The presidential aspirant of the Labour Party, Peter Obi, and his vice presidential candidate, Yusuf Datti Baba-Ahmed released their 2023 campaign manifesto on Saturday, December 3rd, 2022.
The manifesto includes a 7-point strategic set of priorities that the campaign plans to implement should it win the 2023 elections.
Included in the manifesto are its plans to fix Nigeria’s foreign exchange market which has faced several criticisms.
Nigeria’s forex market under the management of Godwin Emefiele-led central bank is associated with a multiple exchange rate regime, a largely fixed official price, and a disparity between the official and parallel market rates that range between 65-85%.
In a nutshell: The Obi/Datti campaign wants to “simplify” and “liberalize” the forex market and “dismantle” the multiple exchange rate regimes currently in place.
It also wants to remove “unaffordable subsidies” and stop the central bank’s funding of the government via ways.
Read further to see details of their plan as well as our take on each plan.
Obi-Datti Understanding of the issue: The campaign manifesto laid out its understanding of the challenges with Nigeria’s current foreign exchange market policies as implemented by the central bank. It posits that the central bank has conflicting policies that have resulted in an unstable exchange rate regime. It claims the policies are in conflict with the apex bank’s core mandate of controlling inflation.
“The pursuit of multiple objectives by CBN, some of which appeared to be in conflict with the Bank’s core mandate of controlling inflation and its declared objective of achieving a measure of exchange rate stability”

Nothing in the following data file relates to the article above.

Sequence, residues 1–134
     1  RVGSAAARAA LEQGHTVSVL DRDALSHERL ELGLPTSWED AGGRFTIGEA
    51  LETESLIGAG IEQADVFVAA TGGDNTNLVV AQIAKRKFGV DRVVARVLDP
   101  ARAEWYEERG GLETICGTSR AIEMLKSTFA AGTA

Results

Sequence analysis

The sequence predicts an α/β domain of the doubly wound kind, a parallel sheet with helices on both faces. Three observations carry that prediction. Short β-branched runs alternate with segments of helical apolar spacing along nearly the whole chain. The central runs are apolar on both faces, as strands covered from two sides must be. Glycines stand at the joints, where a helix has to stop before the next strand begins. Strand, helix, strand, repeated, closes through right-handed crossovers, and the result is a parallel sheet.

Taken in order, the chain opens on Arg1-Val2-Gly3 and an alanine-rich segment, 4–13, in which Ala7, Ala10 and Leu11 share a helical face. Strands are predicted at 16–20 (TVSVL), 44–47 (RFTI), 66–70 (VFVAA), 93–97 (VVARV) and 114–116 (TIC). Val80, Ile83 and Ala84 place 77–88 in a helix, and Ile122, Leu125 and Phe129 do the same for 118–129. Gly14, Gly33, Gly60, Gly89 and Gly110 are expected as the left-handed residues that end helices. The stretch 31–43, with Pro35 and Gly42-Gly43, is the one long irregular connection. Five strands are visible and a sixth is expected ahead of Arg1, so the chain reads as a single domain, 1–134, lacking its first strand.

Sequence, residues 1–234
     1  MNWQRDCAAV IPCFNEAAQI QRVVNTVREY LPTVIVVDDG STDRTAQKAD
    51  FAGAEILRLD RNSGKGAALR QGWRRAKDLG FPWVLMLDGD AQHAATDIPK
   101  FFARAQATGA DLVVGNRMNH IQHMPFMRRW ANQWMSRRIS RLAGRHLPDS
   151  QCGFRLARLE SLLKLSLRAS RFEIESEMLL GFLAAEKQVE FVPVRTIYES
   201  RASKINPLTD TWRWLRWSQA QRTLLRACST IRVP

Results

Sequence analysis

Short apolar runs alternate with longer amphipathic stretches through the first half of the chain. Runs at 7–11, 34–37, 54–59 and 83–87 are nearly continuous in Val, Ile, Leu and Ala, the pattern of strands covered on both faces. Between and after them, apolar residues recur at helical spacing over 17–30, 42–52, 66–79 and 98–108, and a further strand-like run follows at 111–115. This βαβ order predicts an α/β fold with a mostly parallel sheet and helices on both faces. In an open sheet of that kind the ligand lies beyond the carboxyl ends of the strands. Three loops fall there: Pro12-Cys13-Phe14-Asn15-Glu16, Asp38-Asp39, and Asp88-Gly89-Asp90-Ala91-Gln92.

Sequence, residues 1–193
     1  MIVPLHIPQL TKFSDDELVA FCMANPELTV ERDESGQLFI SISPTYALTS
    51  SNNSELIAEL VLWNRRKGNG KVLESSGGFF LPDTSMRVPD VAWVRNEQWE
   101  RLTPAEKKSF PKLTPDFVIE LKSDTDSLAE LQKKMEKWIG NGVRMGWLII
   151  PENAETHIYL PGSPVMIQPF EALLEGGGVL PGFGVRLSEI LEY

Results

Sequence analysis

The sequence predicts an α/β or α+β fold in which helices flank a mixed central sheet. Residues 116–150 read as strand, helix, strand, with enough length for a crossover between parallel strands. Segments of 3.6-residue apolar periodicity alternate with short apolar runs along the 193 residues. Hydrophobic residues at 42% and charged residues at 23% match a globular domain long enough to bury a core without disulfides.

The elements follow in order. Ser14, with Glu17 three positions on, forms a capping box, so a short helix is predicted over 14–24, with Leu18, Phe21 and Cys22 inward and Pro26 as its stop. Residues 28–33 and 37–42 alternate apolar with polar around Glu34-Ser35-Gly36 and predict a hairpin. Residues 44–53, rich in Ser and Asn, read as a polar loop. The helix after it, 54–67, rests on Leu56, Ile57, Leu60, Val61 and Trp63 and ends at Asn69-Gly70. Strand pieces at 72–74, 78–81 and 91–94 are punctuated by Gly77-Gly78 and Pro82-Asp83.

“The loss of fiscal viability by the Federal Government, as revenues are now consumed entirely by debt service, whilst the cost of the inflated petrol subsidy has risen to a level where it also threatens to consume the entire FG revenue”
“The financing of excessive fiscal deficits through Ways and Means Advances in excess of N22 trillion as at August, 2022 i.e. a level well beyond the statutory limits set in the CBN Act, has helped fuel the spike in the inflation rate to close to 20 per cent per annum.”
“Exchange rate stability has also become a mirage, as foreign exchange can only be accessed at the artificial official exchange rate by a handful of privileged persons and businesses, whilst the generality of Nigerians can only access forex via a parallel market in which the US Dollar now attracts a 75- 80% premium over the official rate. The multiple exchange rate regime that is in place therefore presents a huge arbitrage opportunity for a few privileged persons;”
“The prevalence of repatriation risks and other supply-side constraints have significantly dented investor confidence, whilst also encouraging capital flight.”
How Obi Campaign plans to fix forex: After laying out the issue, the campaign provided details of its own plans to fix Nigeria’s forex challenges.
Firstly, it claims it will “simplify” the exchange rate regime and focus on stimulating the supply side rather than demand side management which the current central bank has mostly focussed on. It also claims it will discourage “unaffordable subsidies” which we think they believe will free up revenue for the government and less reliance on the central bank for Ways and Means funding.
“Against this backdrop, the priority of our administration will be to quickly restore fiscal viability by discontinuing unaffordable subsidies which have left a black- hole in the government’s finances. We will also seek a simplification of the exchange rate regime, whilst seeking to also boost the supply side, rather than continuing to concentrate exclusively on demand management.”
It is not clear how it plans to “simplify” the foreign exchange market as stated.